It is always a tough call – environment or development. This face-off between the two essentials is only increasing in frequency and the protests on both sides is getting louder by the day.
Most of us who have planted a tree or even taken care of a potted plant know the effort it takes and the pleasure it brings when green shoots start showing. So to read that 2 lakh lush trees will be cut down in Madhya Pradesh’s Buxwaha forest really shakes one to the core. 2 lakh trees are to be felled for what? Something as innate as diamonds. Trees v/s diamonds? There is simply no comparison.
This diamond project is owned by Aditya Birla Group’s Essel Mining & Industries Ltd (EMIL), spread across an area of 364 hectares in the Buxwaha forests and is said to have a reserve of 34 million carats of rough diamonds. This is 175 kms away from NMDC’s existing diamond mine. EMIL, which acquired this land in 2019, plans to spend Rs2500 crore on the project and once operational, will become one of the largest diamond mines in the Asian region. EMIL hopes to get the mining lease by the end of current fiscal.
Apart from cutting down precious 2 lakh trees, the coming up of the project will lead to major water shortage – the area is already water distressed. Thankfully, the project is facing immense pressure from environmentalists and responsible citizens. And the protests are not new – the same project, in 2006 was in news when the Madhya Pradesh government granted a prospecting licence to Rio Tinto Exploration India Private Limited (RTEIPL), an Australian mining giant, to explore diamond mining in the Buxwaha region. The stiff opposition forced Rio Tinto to quit. But many say that they also quit because diamond supply from Russia and Africa is on the rise, putting pressure on the price and Rio calculated that it was simply not worth going through it.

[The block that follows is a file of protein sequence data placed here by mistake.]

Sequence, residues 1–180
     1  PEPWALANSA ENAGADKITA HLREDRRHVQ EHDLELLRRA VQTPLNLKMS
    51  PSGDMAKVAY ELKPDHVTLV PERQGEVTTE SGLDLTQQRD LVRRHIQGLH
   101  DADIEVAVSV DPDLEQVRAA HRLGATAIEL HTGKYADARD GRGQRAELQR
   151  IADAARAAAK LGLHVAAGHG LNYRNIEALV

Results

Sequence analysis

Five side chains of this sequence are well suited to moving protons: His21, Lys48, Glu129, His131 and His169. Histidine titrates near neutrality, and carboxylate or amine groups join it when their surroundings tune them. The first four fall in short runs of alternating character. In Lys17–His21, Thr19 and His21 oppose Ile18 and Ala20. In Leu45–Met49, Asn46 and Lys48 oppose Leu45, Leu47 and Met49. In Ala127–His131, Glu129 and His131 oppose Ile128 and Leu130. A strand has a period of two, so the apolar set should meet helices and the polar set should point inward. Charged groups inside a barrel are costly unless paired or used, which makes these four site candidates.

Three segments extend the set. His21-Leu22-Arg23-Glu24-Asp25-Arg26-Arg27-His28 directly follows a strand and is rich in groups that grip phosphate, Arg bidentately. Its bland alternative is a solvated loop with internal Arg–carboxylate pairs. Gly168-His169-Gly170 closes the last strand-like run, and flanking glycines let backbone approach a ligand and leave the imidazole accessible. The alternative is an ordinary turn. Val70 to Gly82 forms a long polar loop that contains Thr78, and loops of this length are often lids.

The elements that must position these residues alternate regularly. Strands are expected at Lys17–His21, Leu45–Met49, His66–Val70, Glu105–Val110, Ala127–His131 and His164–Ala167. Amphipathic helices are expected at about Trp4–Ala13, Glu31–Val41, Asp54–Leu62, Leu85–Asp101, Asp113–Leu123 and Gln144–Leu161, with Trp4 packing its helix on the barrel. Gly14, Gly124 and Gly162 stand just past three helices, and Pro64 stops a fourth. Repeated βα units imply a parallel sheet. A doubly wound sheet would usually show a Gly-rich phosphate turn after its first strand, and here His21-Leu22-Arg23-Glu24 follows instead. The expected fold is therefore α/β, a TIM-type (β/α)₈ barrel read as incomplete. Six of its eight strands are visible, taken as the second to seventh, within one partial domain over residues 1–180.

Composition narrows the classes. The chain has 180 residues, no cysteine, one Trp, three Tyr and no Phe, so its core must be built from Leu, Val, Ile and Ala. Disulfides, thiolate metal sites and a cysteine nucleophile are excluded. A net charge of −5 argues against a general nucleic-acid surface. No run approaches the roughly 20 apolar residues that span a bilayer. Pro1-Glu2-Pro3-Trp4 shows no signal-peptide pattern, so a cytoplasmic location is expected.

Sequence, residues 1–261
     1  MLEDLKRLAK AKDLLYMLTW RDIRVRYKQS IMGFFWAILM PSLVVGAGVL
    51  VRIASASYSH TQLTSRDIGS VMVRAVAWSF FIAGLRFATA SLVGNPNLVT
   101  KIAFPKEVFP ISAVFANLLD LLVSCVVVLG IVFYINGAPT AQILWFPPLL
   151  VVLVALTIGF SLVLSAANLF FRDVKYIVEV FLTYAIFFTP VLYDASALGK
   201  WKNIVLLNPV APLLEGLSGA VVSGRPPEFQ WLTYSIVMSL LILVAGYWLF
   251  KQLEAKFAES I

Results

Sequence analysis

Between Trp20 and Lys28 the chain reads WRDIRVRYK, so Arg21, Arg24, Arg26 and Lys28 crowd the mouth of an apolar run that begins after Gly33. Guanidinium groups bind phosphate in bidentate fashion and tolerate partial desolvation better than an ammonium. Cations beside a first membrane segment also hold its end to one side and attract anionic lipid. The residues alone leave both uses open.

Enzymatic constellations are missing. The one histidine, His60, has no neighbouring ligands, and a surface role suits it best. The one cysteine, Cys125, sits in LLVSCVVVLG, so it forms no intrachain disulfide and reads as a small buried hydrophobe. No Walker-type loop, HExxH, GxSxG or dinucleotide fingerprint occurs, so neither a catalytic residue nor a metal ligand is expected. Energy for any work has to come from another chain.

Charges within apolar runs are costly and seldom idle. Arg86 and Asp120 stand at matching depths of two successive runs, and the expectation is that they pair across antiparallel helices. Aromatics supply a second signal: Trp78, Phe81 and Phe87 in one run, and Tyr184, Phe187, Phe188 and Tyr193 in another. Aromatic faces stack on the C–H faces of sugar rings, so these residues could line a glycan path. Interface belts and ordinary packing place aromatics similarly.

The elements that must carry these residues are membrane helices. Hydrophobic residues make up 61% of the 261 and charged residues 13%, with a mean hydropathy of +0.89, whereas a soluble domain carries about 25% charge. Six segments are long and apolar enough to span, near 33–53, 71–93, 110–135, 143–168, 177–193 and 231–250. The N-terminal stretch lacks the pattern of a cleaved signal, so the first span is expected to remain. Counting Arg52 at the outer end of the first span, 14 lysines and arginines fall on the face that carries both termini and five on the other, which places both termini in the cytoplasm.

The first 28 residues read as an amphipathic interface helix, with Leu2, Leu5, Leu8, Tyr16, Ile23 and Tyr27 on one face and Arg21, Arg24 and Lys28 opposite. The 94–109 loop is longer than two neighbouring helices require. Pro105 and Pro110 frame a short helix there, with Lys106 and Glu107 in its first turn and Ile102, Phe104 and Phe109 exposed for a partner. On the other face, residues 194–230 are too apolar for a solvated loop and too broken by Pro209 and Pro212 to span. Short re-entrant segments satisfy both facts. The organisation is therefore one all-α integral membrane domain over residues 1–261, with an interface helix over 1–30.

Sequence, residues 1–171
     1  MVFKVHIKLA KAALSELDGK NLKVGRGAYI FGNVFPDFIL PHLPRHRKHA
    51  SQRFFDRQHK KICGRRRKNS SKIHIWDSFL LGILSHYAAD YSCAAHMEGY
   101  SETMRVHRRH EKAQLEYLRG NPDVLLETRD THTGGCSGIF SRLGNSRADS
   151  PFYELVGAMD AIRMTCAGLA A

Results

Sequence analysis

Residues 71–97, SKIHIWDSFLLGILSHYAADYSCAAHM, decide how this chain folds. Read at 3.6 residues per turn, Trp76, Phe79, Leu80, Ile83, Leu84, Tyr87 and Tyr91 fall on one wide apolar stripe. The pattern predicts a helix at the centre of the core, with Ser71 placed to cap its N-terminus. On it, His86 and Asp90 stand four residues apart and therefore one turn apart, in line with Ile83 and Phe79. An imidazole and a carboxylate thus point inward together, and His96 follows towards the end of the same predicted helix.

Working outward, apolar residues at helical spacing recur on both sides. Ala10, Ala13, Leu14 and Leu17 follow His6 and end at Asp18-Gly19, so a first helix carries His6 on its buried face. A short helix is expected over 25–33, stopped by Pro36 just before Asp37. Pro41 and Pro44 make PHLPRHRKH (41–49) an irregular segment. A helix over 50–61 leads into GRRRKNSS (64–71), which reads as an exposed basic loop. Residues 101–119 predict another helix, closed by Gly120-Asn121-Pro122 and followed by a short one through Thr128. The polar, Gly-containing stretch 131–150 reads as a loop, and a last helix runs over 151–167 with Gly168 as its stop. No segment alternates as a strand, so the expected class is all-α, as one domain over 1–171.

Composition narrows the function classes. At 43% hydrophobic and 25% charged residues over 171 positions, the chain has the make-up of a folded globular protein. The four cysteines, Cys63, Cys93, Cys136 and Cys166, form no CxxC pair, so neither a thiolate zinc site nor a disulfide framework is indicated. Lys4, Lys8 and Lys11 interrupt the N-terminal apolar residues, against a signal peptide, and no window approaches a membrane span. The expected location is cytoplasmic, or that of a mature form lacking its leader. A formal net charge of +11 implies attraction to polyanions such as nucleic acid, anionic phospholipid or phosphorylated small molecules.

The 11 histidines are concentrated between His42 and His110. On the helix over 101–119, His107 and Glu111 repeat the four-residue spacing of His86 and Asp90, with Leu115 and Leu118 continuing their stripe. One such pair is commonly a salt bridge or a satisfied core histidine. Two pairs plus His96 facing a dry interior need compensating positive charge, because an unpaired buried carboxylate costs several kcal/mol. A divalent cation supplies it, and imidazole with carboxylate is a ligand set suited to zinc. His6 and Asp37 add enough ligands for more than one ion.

India is constantly fighting – environment or development and the human need to survive is so much that, most of the times, it is development alone which wins. Environment clearance is simply become a rubber stamp.
And then we talk big about renewable energy and electric cars. Why this two-face? Yes, there is a need to support human development but it cannot always come at such a huge price. We all are already suffering the consequences of this mindless growth, this race to become the ‘fastest growing economy in the world.’
Some projects are required and it unfortunately does take a toll on the environment. But such a huge damage for diamonds? Isn’t this also akin to “blood diamond?” Diamonds are forever but this earth is not..
Maybe we can take a few lessons from our small neighbour Bhutan – the greenest country in the world - the only country in the world that is carbon negative, which means it produces more oxygen than it consumes. As mandated in its constitution, Bhutan preserves (at all times) 60% of its land under forest cover. ... More than 51% of the country is protected—the largest percentage of any Asian country.
Sadly, development in India is never about the environment or the people. Its always and always only about power.